The draft framework would also require that 10% of the affordable rental housing gross floor area be secured at 80% of affordable rents for a period of 99 years. For example, where the “affordable rent” is determined to be $1,000 per month, this official plan policy would secure rent at $800 per month for 10% of the portion of the development set aside for affordable housing.

Lastly, the proposed official plan amendment requires that the unit mix of affordable housing reflect the market component of the development. This policy is meant to achieve a broader mix of unit types and sizes (e.g. two-bedroom, three-bedroom) to create more affordable housing suitable for families.

The above substantive requirements are in addition to any applicable residential rental housing replacement obligations pursuant to section 111 of the City of Toronto Act, 2006.

iii.      Exceptions

The draft framework provides for certain exceptions to inclusionary zoning. Inclusionary Zoning by-laws will not apply to the following developments and redevelopments:

  • Within the Downtown Secondary Plan or Central Waterfront Secondary Plan boundary areas, developments with
    • less than 100 residential units and
    • less than 8,000 square metres of residential gross floor area;
  • Outside of the Downtown Secondary Plan or Central Waterfront Secondary Plan boundary areas, developments with
    • less than 140 residential units and
    • less than 10,000 square metres of residential gross floor area;
  • Development proposed by a non-profit housing provider, or proposed by a partnership where a non-profit housing provider has a 51% or greater interest and where a minimum of 51% of the units will be affordable housing; or
  • Portions of development that contain residential care homes or institutional student residences.

iv.      Alternative Offsite Housing

The proposed framework would allow for inclusionary zoning requirements to be met by the provision of affordable housing on an alternative site. This flexibility recognizes that there may be circumstances where affordable housing can be better accommodated on another site.

This policy has two requirements:

  1. The offsite affordable housing units must be ready and available for occupancy prior to occupancy of the proposed development.
  2. The offsite affordable housing units must also be located in “proximity” to the development.

This proximity requirement will be satisfied where the alternate site is also located in an area where inclusionary zoning applies, and is in the same market category (i.e. strong market area or moderate market area). The acceptability of the offsite units is at the discretion of the City.

v.       Transition Provisions

(i) Default Planning Act Transition Provisions

A regulation made under the Planning Act sets out a minimum transition provision for any inclusionary zoning by-law. A development project would be exempt from inclusionary zoning where:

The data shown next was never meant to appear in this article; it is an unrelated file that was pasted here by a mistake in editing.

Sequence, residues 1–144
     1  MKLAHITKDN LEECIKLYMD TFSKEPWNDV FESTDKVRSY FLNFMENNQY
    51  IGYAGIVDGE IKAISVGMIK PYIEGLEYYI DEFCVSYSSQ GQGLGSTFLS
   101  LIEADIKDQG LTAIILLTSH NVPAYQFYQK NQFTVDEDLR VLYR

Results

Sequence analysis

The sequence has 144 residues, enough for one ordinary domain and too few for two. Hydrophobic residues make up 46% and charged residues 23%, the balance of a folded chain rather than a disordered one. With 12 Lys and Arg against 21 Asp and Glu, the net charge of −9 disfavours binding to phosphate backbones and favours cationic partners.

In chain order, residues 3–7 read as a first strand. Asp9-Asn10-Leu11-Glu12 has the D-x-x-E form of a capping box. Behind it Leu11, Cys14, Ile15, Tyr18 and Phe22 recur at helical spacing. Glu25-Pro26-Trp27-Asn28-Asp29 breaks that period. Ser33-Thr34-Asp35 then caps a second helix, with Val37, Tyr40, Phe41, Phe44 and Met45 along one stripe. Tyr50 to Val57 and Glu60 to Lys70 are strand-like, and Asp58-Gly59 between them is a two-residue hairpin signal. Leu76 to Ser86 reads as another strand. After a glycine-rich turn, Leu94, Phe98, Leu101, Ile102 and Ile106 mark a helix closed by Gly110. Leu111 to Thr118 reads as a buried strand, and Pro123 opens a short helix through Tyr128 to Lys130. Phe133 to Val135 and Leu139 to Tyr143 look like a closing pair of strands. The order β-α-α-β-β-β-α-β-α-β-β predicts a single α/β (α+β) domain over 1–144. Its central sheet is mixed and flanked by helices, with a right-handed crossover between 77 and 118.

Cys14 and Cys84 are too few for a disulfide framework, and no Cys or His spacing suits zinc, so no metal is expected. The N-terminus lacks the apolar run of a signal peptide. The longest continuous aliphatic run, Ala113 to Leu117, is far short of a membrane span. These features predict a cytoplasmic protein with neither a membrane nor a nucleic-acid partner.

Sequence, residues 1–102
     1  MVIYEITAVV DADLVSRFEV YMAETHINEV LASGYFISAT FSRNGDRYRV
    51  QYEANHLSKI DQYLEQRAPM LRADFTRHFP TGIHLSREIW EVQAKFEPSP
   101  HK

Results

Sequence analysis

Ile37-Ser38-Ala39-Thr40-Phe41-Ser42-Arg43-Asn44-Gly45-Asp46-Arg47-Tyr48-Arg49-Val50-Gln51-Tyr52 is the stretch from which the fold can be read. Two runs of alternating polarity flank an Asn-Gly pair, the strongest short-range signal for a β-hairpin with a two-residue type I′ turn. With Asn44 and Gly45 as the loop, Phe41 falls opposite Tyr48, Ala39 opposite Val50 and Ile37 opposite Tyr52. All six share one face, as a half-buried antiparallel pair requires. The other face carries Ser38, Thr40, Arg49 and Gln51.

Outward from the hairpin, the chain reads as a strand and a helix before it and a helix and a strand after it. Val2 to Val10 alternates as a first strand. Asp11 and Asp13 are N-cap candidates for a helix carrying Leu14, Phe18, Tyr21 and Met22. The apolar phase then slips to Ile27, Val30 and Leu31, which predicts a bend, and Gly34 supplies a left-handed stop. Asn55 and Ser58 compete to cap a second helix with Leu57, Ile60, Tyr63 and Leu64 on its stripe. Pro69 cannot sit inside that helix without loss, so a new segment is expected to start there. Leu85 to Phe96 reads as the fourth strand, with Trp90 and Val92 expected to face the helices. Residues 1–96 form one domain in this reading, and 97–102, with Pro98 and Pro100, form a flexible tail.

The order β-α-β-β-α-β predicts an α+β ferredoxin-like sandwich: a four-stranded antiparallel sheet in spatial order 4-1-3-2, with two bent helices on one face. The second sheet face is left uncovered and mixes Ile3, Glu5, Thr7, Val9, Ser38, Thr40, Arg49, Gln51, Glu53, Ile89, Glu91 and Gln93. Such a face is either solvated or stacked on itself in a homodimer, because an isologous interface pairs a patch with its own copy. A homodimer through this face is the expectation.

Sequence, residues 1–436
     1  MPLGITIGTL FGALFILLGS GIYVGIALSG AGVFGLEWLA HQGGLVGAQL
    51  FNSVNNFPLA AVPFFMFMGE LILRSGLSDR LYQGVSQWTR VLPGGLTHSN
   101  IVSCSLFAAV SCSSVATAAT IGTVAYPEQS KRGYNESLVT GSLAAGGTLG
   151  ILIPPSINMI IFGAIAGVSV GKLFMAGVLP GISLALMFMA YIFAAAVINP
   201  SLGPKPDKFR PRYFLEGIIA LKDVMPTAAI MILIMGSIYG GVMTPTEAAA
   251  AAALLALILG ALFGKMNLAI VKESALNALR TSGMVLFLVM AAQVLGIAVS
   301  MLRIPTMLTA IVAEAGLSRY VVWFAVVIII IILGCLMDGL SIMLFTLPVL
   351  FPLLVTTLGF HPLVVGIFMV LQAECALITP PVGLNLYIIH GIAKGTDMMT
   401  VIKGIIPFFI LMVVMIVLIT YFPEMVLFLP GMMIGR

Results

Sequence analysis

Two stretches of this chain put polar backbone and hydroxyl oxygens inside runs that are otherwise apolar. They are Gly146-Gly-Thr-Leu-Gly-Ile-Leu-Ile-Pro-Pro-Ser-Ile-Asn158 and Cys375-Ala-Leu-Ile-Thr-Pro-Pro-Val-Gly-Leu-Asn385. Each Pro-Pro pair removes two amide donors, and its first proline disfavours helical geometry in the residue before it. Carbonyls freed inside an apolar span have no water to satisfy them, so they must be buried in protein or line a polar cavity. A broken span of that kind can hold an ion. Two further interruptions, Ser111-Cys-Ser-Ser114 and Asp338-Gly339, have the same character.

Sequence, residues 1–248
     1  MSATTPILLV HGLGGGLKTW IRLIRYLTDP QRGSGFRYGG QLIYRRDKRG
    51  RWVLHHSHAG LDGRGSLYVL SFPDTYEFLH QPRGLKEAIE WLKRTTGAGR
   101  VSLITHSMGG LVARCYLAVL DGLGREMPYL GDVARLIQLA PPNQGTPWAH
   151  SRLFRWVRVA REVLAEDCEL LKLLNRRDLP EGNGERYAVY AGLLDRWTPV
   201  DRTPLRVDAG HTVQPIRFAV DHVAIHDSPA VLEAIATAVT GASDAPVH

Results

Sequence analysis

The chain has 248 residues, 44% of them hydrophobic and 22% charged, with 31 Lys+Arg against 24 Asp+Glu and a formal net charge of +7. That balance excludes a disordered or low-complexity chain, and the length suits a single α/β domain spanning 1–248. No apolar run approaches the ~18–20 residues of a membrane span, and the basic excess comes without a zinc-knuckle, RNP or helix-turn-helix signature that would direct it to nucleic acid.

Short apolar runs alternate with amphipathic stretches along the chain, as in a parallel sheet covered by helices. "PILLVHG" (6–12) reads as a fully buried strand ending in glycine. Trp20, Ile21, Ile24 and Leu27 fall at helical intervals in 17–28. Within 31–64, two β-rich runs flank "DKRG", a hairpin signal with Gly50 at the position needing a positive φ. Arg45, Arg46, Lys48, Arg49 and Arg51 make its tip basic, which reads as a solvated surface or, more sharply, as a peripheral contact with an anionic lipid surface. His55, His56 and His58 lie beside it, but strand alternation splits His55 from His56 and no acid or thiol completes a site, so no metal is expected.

• a complete application for an Official Plan Amendment and/or a Zoning By-law Amendment, along with an application for either a draft plan of subdivision or a draft condominium description, are submitted to the City prior to Council’s adoption of the Official Plan policies authorizing inclusionary zoning; OR
  • an application for a building permit or for site plan approval has been made prior to Council’s passing of the inclusionary zoning by-law.

For most complex development projects that require an official plan amendment or zoning by-law amendment, a site plan application will also be required. A site plan must be approved before building permits can be issued. In such a case, site plan approval must be obtained prior to the passing of the inclusionary zoning by-law in order to be exempt.

(ii) City’s Proposed Transition Provisions

The City’s proposed Inclusionary Zoning framework contains its own transition provisions that give the development community some additional time to brace for these new requirements. The proposed date the new regime will be in effect is January 1, 2022, though Council may pass the by-law before this date.

As currently presented, the standards of the proposed inclusionary zoning by-law will not apply to applications for a building permit (in compliance with Chapter 363 of the City of Toronto Municipal Code) filed before January 1, 2022. Likewise, the proposed inclusionary zoning by-law will not apply to complete applications for a zoning by-law amendment, minor variance or site plan approval filed before January 1, 2022.

Without this transition provision, the inclusionary zoning by-law standards would come into force immediately after Council passes the by-law. If that were to happen, all applications for a building permit made after that date would have to comply with the new inclusionary zoning performance standards, if applicable to the development project, as “applicable law” under the Building Code Act, 1992. This could lead to instances where a project that had obtained prior development approvals could not otherwise obtain building permits because the project, as proposed and approved, does not comply with the new inclusionary zoning standards.

As the City’s proposed transition provision is still in draft form, it is best to rely on the Planning Act transition provision when considering the timeline of a development project.

vi.      No Appeal

Unlike many other planning instruments, the Planning Act expressly precludes an appeal to the Local Planning Appeal Tribunal in respect of the official plan policies regarding inclusionary zoning and the implementing zoning by-law. The only person permitted to appeal is the Minister of Municipal Affairs and Housing.

Next Steps

Staff were directed to report back with a final recommendation report in the first half of 2021. At that time, the results of community consultation and further analysis will be presented, along with a clearer indication of what the final inclusionary zoning framework will look like.

Those in the development industry are urged to consult our Municipal and Land Use Planning Group for further updates and advice in respect of the City’s inclusionary zoning initiatives.